Children and Self Image

An odd thing happened this morning. It’s cold here in Oklahoma, so my daughter put on her large, fluffy coat before school. She talks non-stop, so she was saying several things, then started explaining how she doesn’t like putting her seatbelt on in the car when she’s wearing her big coat. I tell her, “That’s too bad! We have to be safe.” Then she says the strangest thing. “I also don’t like wearing this big coat because I feel fat.”

What the, what!? This child is as skinny as a rail! And she’s 6! I was shocked.

I sat down with her and asked her if someone told her she is fat. She said no. I then explained to her that she is beautiful and perfect, and that her coat is just fluffy so it will keep her warm. I explained that I know it’s uncomfortable to wear, but that it does not affect the way she looks. We continued talking and I realized that more than anything she’s just sick of having to wear it. It’s almost spring and she’s antsy about it. So I directed her to talking about spring and summer activities, how much fun we’ll have playing outside, and how lovely the warm weather will be. In the end, I’m sure she was just referring to how puffy and restricting her coat is, and not to her actual body size. I hope.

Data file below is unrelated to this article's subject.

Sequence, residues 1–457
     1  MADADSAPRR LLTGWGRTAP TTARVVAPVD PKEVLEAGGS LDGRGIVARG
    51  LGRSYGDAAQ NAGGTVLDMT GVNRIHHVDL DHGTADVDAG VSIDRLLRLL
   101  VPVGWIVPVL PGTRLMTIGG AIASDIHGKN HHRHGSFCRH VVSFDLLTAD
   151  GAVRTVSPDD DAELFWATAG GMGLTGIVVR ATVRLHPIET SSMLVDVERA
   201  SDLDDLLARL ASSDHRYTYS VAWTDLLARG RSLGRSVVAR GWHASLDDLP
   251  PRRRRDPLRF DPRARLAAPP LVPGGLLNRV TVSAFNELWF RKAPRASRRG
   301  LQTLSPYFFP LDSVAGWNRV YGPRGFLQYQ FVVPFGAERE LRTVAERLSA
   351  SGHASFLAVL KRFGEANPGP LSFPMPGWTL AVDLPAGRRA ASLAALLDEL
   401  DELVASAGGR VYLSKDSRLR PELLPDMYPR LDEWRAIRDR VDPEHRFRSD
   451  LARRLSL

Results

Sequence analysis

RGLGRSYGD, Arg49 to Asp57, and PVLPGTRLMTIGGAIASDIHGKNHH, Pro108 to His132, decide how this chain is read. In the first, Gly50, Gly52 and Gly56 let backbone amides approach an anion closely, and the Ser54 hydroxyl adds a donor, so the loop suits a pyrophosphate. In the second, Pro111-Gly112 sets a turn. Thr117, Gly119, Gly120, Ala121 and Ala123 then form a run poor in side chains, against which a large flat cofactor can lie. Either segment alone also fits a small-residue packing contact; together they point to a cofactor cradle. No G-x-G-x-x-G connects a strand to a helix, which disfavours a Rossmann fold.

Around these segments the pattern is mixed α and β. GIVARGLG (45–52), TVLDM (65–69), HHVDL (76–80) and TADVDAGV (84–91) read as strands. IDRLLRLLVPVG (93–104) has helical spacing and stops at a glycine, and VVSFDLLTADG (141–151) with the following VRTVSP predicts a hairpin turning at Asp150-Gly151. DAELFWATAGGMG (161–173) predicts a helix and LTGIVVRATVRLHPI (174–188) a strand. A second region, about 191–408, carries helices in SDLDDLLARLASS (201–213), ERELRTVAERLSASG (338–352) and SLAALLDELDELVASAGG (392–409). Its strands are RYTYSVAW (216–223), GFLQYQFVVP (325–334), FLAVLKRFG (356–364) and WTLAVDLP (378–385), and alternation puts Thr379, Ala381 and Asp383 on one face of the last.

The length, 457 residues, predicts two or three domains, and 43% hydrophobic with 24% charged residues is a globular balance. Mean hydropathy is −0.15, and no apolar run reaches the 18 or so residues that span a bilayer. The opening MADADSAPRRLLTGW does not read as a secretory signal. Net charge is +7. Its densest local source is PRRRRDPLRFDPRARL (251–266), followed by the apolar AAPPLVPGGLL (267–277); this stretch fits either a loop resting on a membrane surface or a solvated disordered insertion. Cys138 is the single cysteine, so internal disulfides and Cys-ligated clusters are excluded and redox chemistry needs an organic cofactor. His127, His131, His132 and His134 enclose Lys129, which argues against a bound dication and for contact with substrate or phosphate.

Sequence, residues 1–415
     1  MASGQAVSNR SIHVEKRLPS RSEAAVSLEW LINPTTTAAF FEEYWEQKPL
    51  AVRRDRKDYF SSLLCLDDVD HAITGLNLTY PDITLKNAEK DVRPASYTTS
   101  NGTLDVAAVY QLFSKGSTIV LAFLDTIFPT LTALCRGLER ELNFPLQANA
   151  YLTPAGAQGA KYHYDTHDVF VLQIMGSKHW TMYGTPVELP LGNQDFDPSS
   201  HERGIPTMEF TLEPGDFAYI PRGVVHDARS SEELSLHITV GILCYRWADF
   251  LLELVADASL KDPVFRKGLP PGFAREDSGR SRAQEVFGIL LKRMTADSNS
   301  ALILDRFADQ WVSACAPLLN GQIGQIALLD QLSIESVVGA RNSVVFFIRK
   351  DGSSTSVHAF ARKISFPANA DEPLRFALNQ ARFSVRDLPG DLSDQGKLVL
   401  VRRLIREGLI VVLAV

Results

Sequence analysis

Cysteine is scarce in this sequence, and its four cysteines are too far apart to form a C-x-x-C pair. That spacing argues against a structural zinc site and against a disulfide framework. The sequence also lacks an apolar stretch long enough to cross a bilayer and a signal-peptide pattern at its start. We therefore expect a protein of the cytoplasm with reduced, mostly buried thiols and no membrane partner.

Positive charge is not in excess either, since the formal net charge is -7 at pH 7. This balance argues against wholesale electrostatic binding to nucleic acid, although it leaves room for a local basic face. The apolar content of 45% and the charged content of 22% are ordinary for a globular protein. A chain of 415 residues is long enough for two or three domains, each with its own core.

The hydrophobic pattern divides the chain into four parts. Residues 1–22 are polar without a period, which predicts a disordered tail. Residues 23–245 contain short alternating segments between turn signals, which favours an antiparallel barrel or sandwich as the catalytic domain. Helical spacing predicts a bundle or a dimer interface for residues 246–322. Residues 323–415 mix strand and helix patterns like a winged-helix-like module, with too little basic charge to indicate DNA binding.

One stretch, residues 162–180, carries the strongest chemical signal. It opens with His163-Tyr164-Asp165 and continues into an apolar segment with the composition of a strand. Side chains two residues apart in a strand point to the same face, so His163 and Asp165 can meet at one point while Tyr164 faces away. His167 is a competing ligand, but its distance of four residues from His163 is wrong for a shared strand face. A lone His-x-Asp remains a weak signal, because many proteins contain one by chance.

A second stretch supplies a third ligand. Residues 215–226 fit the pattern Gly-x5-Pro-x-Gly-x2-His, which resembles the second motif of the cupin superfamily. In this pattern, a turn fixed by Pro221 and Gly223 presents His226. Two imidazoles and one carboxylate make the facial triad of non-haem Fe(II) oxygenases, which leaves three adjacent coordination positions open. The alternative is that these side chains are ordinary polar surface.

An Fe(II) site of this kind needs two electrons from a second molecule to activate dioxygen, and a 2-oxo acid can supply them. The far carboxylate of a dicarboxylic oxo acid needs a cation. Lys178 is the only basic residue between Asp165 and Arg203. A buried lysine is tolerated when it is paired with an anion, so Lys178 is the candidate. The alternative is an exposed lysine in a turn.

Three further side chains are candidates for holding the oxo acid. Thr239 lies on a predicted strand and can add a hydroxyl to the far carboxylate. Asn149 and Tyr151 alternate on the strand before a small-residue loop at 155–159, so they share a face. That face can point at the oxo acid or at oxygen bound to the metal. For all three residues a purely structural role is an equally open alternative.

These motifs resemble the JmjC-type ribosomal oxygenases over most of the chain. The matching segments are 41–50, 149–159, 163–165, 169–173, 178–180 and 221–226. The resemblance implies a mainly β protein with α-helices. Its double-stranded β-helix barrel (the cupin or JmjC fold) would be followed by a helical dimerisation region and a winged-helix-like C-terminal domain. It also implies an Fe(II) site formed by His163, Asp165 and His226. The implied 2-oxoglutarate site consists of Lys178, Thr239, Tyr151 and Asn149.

It hurt so much to hear her say that. My husband and I have drastically changed our lifestyles this year and we’re careful to not talk about our bodies poorly in front of the kids. I have a terrible self-image that stems from years of people (parents included) telling me I was overweight when I really wasn’t. I also relied on god to get me through things and never really built up my confidence on my own. I do not want her to grow up feeling that way about herself. This must be nipped in the bud. I hope I handled it properly.

She’s really a very confident kid, mostly because we allow her to make her own decisions and lift her up with praise and physical affection often. I hope it’s isolated, and I hope she looks in the mirror and sees a beautiful person on the inside and the outside.

How do you talk to your children about beauty and self-image?

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